Teen burning victim Michael Brewer’s assailants get jail

michael brewer, school violence, Deerfield Beach Middle SchoolLast week, the story from Deerfield Beach, Florida was that two of the three teens accused of setting fellow Deerfield Middle School classmate Michael Brewer on fire received jail time for their deeds. (BTW: in case you didn't know, this is the same school that saw the dreadful beating incident of Josie Lou Ratley by Wayne Treacy).

In 2009, Michael was set aflame by three of his classmates to the degree that he had to jump in a nearby pool in order to put out the flames. Michael suffered 2nd and 3rd degree burns over nearly 2/3rd of his body.

According to the story in the Miami Herald, both teens pled "no contest" which means that they are willing to accept whatever punishment the court hands out, but does not admit guilt.  In addition to the jail time they were sentenced to, the perpetrators were given 18-21 YEARS of community service. When you consider that these young men are themselves 18 and 17 years old, you can see that they will be living with the results of their actions for a very long time.

One point I found troublesome in the article: (more…)

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Rhee and StudentsFirst recognizes need for social skills

Wow, I never thought I'd see the day.  This morning, former DC Public Schools Chancellor Michelle Rhee appeared on MSNBC's "Morning Joe" program to talk about her plans to help reform education through her new not-for-profit, "Students First."

There was a lot of discussion about the things we have been known to hear from Ms. Rhee -- about the problems with teacher tenure, of the values of merit pay, of the importance of keeping good teachers, not just ones who have attained the highest seniority.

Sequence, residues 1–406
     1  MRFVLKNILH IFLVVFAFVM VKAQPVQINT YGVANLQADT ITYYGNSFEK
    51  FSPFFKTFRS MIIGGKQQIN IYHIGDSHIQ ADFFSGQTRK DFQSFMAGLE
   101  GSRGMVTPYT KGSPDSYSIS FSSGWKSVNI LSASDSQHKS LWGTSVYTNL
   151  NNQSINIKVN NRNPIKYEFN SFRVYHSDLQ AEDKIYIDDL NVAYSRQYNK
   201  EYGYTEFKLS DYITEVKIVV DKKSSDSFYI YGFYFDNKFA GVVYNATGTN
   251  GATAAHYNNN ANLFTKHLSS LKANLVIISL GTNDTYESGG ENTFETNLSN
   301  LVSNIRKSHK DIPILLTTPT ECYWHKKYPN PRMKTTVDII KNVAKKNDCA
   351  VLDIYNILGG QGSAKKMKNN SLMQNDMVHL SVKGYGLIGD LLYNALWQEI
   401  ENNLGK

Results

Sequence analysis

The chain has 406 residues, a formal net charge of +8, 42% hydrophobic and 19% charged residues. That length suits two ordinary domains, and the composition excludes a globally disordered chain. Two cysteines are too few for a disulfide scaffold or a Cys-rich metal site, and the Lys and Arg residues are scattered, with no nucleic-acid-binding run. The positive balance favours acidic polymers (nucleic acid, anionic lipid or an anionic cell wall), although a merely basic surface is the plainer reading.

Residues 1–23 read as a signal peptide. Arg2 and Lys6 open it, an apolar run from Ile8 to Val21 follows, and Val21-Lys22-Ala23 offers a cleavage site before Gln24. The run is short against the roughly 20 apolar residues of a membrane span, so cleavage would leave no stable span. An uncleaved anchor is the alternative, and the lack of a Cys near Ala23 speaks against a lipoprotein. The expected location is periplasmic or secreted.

One thing I didn't expect to hear her talk about was the value of social skills.  Commenting on the question about violence in public schools, linking it to the events this past weekend in AZ with Rep. Giffords' shooting, the conversation went:
(view video portion of her statement here: http://www.msnbc.msn.com/id/32545640)

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Here's the transcript of that portion of her interview: (more…)

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How to hurdle the Achievement Gap

One of the persistent problems in education over the past 40 years has been the Achievement Gap between low-income, minority, and non-native students as compared to their mainstream counterparts. One of the objectives on NCLB was to narrow this gap, but repeated research shows that we haven't made the strides in this area that we had all hoped.

Image by Brian Carr, courtesy of Excellent Education for Everyone (E3) at www.nje3.org

A February, 2010 report by Indiana University's Center for Evaluation and Education Policy (CEEP) entitled Mind the (Other) Gap: The Growing Excellence Gap in K-12 Education (Jonathan A. Plucker, PhD; Nathan Burroughs, PhD; Ruiting Song) shares a great deal of information on the student achievement gap, slicing and dicing the data into varying segments and analyzing the results. I won't bore you with all the details, but I found their overall findings as summarized in the conclusion telling, and consistent with the other research and publications frequently cited:

"The economically disadvantaged, English Language Learners, and historically underprivileged minorities represent a smaller proportion of students scoring at the highest levels of achievement."

With few exceptions, research generally agrees that we haven't made real, significant progress in closing the gap. However, the question remains, why? The typical answer is "funding." While it is true that students in the "gap" populations often attend schools that aren't as well-funded as the mainstream majority, merely assuming funding is the problem is not sufficient to explain why minority/disadvantaged students lag behind.  And, with supplementary funding sources such as Title I, many impoverished schools are actually able to receive more assistance funding than more "well-to-do" peer schools. So, if it's not about funding, then what? (more…)

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